Sunday, April 27, 2008

Lock 'Em Up & Throw Away the Key

The New York Times has a story today on a topic I've considered for a few years. It seems that the US incarceration rate is the highest in the world. So are we, as a nation, more evil than others? Or are we better at catching criminals? Or is there some other explanation?

Since we have more criminals & longer jail sentences, the conventional wisdom that says harsher sentences will deter crime is a fallacy. But be certain that the rhetoric is heard from politicians every election cycle, so much so that politicians would kill over who is more supportive of the death penalty, or seeing which politician can be the most innovative in which crime of the month should be punished with mandatory sentencing guidelines.

And don't forget the "get tough" ideas around prison conditions. Then we move with peril on the cliff of torture for not just military detainees but wishful glee that some crimes could be added to the "torture approved" list.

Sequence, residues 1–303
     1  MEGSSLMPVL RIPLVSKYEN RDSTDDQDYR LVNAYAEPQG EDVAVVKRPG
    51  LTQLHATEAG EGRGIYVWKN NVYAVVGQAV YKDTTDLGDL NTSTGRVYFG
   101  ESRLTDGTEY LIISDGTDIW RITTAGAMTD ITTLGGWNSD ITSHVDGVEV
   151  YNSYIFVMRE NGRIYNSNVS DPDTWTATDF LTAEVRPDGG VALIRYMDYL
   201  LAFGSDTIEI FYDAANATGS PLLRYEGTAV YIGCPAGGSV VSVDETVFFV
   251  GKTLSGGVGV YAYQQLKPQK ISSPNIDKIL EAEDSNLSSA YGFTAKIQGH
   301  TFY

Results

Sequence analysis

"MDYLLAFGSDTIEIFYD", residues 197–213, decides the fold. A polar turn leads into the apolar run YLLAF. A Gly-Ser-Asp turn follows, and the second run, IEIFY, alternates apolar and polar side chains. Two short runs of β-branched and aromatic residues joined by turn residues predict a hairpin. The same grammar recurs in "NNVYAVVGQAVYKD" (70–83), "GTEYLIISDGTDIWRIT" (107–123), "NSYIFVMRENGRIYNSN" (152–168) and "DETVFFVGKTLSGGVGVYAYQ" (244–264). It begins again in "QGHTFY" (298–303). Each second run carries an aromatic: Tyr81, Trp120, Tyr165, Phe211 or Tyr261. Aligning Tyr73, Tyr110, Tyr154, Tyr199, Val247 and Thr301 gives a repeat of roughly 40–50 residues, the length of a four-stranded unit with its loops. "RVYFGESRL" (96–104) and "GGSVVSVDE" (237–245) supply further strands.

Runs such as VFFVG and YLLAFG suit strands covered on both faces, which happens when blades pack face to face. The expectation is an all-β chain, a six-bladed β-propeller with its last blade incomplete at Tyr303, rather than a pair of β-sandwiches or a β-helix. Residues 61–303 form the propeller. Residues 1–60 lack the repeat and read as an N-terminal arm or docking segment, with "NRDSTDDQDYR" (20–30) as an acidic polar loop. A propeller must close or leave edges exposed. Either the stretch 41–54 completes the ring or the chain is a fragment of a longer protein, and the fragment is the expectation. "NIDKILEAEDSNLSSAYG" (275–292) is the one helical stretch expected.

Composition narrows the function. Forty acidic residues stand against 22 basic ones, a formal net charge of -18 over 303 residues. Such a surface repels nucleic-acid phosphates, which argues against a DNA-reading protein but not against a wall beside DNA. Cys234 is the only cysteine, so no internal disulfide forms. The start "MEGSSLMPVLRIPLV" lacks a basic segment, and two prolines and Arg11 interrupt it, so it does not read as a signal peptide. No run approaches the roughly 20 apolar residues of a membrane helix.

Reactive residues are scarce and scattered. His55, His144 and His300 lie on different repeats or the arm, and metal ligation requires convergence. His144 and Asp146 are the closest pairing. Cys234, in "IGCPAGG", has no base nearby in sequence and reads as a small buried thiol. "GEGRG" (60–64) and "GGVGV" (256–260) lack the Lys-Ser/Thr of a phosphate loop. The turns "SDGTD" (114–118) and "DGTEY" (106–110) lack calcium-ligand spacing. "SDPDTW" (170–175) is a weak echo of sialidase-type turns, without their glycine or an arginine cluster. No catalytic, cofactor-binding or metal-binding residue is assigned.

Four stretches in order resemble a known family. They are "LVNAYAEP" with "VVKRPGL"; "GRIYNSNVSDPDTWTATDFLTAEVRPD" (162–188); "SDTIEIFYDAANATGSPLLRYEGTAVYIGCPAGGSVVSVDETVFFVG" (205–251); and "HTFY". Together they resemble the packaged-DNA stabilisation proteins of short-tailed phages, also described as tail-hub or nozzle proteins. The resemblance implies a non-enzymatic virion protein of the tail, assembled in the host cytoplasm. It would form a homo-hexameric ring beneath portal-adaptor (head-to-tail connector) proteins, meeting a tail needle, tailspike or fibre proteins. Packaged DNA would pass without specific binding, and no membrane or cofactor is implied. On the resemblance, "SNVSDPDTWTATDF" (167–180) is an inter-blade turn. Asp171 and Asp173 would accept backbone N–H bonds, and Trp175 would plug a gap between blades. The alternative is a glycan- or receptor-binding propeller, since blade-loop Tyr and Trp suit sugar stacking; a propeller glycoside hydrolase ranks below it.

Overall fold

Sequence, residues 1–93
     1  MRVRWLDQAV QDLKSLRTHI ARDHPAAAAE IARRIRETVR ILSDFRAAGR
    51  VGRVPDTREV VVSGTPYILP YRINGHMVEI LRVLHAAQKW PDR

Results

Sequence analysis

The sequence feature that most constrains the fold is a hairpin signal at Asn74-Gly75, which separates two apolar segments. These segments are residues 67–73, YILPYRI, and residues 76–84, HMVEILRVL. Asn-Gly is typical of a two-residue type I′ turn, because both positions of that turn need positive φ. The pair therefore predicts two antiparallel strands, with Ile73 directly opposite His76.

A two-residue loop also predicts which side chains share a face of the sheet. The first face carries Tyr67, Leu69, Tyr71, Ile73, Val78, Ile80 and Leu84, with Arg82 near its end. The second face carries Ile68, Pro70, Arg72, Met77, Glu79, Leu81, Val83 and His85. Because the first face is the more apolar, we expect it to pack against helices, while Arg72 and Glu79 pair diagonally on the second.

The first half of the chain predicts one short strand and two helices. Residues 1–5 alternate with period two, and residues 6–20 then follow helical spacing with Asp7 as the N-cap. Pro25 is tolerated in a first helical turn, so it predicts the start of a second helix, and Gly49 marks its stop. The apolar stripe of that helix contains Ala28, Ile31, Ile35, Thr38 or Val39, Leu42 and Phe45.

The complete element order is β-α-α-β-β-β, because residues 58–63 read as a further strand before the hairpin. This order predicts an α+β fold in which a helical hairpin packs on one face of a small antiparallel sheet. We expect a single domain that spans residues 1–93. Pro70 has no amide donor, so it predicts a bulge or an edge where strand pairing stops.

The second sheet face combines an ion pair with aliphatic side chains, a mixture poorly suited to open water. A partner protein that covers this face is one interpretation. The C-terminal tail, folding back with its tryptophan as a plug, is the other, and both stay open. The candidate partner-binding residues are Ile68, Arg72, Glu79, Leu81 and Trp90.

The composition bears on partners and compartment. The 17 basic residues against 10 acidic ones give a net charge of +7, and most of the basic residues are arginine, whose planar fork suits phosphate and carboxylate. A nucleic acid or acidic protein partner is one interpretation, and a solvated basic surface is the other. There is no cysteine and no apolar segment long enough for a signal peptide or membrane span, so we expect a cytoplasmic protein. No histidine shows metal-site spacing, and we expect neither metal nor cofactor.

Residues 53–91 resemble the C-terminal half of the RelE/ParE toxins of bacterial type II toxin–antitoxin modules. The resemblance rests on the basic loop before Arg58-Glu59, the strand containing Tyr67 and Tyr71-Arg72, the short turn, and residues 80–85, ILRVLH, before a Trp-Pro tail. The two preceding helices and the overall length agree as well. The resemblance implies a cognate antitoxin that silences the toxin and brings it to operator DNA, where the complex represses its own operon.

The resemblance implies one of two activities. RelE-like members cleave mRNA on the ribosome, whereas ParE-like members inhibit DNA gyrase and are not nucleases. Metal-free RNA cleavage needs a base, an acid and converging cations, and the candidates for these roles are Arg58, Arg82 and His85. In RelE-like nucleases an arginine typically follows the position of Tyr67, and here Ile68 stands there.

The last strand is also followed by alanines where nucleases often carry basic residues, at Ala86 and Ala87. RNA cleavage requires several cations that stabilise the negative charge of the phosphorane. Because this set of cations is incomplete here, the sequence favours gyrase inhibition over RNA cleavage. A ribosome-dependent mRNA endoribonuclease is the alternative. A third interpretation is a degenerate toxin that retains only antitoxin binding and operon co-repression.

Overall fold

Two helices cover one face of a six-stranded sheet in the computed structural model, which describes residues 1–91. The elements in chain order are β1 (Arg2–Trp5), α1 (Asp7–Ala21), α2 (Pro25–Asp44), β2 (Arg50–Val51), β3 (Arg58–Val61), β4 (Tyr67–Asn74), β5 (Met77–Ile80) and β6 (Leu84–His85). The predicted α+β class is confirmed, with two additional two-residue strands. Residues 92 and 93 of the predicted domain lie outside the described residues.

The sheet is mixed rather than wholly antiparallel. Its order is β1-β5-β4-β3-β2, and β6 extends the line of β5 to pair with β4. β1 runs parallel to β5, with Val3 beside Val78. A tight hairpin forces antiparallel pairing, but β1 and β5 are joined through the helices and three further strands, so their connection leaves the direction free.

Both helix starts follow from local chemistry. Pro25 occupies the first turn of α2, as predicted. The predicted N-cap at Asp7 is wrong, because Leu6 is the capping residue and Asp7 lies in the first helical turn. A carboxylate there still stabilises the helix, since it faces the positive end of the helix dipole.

Sounds good every election day. Keeps politicians in office. Does it work?

Here's a nugget from the Times story:

The United States has less than 5 percent of the world's population. But it has almost a quarter of the world's prisoners.

Indeed, the United States leads the world in producing prisoners, a reflection of a relatively recent and now entirely distinctive American approach to crime and punishment. Americans are locked up for crimes -- from writing bad checks to using drugs -- that would rarely produce prison sentences in other countries. And in particular they are kept incarcerated far longer than prisoners in other nations.